Riley Gaines criticizes trans swimmer Meghan Cortez-Fields for setting new collegiate record in NJ after transferring from men’s to women’s team

Riley Gaines continues to trend on social media due to her latest critique on trans swimmer Meghan Cortez-Fields setting record in women's swimming competition.


Riley Gaines criticizes trans swimmer Meghan Cortez-Fields for setting new collegiate record in NJ after transferring from men’s to women’s team

Riley Gaines and Meghan Cortez-Fields [Image Credit AllSides and Daily Mail]

At a liberal arts college in New Jersey, a trans female athlete, Meghan Cortez-Fields, remarkably surpassed the college’s record in the 100-yard butterfly event. After transitioning from the male squad, clocking in at 57.22 seconds to secure the leading position. Although initially receiving accolades from the institution via social media for her Saturday triumph, the recognition was retracted amidst a wave of critique spearheaded by former NCAA swimmer Riley Gaines.

At the Cougar Splash Invitational, Cortez-Fields took home first place in the 100-yard butterfly and the 200-yard individual medley. And she grabbed second place in the 200-yard butterfly. The event took place in Dallas, Pennsylvania, and had teams from six different schools compete over two days.

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Gaines, speaking on behalf of the Independent Women’s Forum, mentioned that Cortez-Fields evolved from being an average male swimmer to a highly skilled competitor in women’s swimming. Gaines articulated, in dialogue with a news channel. Her sentiments that turning a blind eye to males transitioning and outperforming in female sports equates to either incompetence or misogyny—a polarization with no middle ground.

She denounced the integration of trans athletes into female teams, asserting it deprives cisgender women of opportunities, privacy, and security. In addition, Gaines brought attention to a tattoo on Cortez-Field’s body. The image depicted a woman with masculine features in the nude, indicating a provocative and sexualized intention. As a Christian, she perceives it as a means of showing disrespect towards the creation of humans by God.

Meghan Cortez-Fields competed in men’s event before switching to women’s roster

Upon her transition, Cortez-Fields experienced the discomfort and demeaning nature of swimming shirtless in the men’s division, opting to use chest taping as a solution before joining the women’s team. Originally from College Station, Texas, Cortez-Fields used to be a part of Ramapo’s men’s team for three seasons before switching to the women’s team. The first transgender athlete at Ramapo College is a member of the Chemistry Department.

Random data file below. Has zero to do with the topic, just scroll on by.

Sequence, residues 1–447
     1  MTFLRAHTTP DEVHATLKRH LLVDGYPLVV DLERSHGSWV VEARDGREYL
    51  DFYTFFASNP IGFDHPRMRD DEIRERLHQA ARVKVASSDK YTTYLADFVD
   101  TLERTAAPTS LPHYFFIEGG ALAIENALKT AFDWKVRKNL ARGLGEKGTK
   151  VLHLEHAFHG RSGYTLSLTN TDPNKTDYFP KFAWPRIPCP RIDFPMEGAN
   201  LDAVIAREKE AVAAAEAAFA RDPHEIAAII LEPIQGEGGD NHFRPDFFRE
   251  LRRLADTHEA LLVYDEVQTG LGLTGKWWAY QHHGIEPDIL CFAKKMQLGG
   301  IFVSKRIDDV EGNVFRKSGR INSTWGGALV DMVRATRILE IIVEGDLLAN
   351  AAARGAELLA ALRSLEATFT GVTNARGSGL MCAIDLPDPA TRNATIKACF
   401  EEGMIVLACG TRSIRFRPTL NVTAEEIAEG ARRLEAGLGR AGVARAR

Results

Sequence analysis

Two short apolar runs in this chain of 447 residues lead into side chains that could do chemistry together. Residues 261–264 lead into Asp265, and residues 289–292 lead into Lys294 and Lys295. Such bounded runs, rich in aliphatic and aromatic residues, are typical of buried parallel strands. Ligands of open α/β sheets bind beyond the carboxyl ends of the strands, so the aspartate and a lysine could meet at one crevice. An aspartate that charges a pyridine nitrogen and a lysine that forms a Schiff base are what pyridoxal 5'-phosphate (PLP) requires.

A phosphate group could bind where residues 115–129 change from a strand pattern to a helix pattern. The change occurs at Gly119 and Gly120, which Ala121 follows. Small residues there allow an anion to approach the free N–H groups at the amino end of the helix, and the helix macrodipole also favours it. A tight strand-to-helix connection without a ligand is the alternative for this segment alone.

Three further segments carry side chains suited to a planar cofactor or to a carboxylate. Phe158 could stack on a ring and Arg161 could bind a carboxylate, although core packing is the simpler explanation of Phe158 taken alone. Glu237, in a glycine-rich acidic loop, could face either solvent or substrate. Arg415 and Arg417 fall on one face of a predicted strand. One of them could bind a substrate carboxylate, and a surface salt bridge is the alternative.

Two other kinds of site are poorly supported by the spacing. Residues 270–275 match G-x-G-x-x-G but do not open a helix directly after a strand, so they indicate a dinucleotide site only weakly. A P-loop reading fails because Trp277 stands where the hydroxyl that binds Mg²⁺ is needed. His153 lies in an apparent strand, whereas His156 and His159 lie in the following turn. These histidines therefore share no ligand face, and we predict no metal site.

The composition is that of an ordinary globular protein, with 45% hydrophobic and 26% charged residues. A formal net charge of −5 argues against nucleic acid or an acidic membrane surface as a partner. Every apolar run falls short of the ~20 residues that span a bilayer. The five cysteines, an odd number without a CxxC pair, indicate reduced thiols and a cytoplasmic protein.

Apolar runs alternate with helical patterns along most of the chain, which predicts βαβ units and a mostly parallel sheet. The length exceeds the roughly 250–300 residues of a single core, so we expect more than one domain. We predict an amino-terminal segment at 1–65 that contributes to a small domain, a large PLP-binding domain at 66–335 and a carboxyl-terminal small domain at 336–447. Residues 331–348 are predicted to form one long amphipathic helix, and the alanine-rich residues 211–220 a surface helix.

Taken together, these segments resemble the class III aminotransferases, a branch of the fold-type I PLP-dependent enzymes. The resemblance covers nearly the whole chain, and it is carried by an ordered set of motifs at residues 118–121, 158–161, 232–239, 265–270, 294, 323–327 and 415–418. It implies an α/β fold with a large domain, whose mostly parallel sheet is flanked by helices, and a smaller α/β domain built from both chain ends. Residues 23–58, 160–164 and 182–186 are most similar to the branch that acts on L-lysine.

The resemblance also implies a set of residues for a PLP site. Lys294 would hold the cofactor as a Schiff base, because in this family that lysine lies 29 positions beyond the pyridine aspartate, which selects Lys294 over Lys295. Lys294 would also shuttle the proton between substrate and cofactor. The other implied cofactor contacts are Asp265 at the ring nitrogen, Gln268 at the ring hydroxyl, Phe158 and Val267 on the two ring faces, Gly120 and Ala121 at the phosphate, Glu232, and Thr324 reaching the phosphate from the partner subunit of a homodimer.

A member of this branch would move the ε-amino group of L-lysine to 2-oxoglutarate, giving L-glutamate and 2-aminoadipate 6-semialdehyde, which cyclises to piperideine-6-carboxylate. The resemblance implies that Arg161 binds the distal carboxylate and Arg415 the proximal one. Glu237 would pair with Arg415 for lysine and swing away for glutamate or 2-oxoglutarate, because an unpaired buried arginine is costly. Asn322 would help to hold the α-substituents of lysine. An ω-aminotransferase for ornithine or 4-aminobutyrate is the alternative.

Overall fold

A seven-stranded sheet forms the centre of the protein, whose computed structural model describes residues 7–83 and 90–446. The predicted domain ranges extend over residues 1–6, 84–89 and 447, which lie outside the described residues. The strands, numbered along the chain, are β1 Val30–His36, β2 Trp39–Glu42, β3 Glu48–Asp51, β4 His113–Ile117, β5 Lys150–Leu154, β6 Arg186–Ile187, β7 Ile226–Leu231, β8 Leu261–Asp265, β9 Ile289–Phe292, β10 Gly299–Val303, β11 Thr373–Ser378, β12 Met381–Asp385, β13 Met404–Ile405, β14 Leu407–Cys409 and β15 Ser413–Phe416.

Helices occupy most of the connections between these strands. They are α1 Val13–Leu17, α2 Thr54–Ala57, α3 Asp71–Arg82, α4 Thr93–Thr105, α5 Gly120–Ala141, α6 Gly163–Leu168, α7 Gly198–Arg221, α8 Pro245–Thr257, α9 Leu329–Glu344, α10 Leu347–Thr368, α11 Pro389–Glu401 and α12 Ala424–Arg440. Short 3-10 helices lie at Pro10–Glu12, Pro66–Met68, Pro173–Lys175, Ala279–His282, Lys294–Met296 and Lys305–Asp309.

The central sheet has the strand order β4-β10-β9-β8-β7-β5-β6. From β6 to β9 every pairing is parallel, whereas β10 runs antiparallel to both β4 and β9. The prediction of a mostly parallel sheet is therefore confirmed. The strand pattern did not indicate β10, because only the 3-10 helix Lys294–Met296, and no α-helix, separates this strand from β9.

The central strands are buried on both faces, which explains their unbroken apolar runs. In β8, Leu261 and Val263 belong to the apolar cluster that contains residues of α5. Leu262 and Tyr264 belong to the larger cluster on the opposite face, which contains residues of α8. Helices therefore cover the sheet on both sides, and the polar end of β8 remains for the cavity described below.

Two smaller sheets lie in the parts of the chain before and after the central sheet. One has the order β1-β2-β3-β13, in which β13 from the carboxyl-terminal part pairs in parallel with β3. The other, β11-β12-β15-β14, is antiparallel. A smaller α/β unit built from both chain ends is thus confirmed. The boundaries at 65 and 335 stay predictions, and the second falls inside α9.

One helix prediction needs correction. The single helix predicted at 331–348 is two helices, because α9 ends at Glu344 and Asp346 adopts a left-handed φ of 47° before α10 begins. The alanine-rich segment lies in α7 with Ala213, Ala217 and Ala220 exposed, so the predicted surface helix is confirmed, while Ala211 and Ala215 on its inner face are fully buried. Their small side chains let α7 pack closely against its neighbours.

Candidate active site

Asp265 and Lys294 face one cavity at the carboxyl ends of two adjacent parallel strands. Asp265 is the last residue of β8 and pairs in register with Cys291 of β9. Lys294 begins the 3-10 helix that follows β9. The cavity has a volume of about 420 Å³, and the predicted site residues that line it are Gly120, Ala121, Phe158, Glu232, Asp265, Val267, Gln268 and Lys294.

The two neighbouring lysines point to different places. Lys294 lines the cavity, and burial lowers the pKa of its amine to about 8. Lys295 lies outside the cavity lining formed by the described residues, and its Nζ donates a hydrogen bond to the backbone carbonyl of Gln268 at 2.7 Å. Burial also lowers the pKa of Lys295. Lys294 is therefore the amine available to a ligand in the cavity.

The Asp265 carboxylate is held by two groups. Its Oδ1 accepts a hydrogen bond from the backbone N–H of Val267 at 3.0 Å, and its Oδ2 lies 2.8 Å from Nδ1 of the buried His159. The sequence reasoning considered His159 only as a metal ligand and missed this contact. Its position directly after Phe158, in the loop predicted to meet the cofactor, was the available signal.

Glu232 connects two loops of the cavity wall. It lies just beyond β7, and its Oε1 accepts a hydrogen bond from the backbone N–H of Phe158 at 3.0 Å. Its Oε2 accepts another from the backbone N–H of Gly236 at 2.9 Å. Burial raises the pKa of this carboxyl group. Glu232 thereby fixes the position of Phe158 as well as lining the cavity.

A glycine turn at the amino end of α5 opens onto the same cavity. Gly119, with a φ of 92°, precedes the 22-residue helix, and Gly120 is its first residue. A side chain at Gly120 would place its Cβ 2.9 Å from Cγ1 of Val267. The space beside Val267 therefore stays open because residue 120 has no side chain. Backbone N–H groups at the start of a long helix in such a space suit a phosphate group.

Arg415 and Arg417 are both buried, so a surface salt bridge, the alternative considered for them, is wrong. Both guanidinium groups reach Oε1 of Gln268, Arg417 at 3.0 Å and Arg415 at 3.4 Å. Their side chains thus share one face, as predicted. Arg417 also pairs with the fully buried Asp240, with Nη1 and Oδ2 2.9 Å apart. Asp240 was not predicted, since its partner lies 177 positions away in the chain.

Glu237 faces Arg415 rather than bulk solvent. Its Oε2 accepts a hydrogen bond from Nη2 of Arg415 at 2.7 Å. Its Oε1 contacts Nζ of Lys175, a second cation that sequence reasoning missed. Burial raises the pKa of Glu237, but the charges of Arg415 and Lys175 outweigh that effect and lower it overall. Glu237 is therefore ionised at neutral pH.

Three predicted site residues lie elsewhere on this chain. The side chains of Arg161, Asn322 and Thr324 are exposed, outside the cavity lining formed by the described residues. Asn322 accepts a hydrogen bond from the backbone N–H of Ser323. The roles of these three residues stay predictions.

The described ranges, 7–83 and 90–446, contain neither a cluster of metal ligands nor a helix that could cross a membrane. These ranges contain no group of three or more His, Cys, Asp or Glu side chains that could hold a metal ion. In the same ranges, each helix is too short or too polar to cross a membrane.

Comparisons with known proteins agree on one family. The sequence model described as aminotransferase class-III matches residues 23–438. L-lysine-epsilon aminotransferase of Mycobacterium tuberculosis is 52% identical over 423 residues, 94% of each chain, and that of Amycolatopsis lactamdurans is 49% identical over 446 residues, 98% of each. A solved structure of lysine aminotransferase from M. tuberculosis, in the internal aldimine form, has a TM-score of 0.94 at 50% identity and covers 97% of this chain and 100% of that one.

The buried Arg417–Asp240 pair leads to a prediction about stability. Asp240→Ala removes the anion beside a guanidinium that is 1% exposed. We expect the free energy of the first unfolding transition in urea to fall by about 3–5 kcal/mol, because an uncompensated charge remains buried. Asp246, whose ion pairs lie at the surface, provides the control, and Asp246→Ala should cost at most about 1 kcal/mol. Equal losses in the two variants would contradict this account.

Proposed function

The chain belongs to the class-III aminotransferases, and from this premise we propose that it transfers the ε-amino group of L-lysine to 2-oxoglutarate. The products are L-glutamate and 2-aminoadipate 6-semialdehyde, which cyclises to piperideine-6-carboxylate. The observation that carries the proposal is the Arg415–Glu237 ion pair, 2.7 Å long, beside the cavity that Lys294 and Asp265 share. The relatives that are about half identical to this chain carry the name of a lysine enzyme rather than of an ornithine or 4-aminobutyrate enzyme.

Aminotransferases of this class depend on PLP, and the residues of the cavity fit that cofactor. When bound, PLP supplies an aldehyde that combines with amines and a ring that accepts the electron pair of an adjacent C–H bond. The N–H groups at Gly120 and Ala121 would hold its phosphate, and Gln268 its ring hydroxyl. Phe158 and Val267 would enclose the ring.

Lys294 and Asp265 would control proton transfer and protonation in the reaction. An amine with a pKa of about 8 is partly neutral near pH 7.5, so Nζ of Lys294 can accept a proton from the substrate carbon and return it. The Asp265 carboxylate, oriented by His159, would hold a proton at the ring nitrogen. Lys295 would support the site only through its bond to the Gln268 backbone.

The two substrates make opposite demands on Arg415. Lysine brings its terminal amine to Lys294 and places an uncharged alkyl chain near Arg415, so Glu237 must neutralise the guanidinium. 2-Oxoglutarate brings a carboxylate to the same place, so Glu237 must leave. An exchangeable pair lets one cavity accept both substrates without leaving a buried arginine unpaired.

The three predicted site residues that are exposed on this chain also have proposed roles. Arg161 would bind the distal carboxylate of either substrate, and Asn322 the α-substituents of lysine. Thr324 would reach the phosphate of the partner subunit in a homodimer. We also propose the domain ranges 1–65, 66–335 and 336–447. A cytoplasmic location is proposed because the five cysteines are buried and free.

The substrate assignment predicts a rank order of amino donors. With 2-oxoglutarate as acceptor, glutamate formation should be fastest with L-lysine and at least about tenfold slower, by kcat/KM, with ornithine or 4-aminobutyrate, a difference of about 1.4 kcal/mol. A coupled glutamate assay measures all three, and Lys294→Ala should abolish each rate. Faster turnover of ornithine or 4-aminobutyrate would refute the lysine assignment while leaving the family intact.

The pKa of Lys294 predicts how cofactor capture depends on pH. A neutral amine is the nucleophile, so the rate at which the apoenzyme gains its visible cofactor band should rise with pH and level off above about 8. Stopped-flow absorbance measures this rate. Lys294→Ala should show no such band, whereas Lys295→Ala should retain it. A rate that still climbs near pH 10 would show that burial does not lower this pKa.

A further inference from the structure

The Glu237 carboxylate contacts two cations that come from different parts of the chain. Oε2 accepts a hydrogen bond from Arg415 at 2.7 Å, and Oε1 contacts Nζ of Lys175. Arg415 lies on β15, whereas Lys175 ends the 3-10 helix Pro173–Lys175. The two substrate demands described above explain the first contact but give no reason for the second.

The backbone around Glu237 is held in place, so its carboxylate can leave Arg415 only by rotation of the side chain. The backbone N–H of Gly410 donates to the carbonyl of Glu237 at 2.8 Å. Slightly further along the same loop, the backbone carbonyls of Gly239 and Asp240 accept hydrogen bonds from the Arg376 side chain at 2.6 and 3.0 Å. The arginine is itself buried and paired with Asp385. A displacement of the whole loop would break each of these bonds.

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Meghan Cortez-Fields
Meghan Cortez-Fields [Image Credit- Daily Mail]

She looks up to Lia Thomas, a transgender swimmer, as an inspiration. Thomas has been receiving criticism for participating and succeeding in women’s swimming competitions, having previously been part of the men’s team at Penn. Thomas used to be on the men’s team at Penn before. She made history in March 2022 as the first transgender athlete to win the NCAA Division I swimming title in the women’s 500-yard freestyle event.

In sympathy with Thomas’ experiences, the athlete from Ramapo expressed to The Ramapo News their trepidations about succeeding in sports. This is due to the fear of facing a similar backlash. Having demonstrated prowess in the current season, this Ramapo athlete has emerged victorious in at least one race in three out of four events.

Notably edging out competitor Jennifer Scott in the 100-yard butterfly by a narrow margin of 2.59 seconds. A representative from Ramapo reiterated the college’s adherence to the NCAA’s guidelines for transgender student-athlete participation. They were confirming the athlete’s compliance with the criteria to compete in the women’s swim team.

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Moreover, the institution voiced its commitment to supporting all of its students. They condemned the spread of threatening messages and false information on social media platforms. This has affected not just the student-athlete but also her fellow team members and peers.

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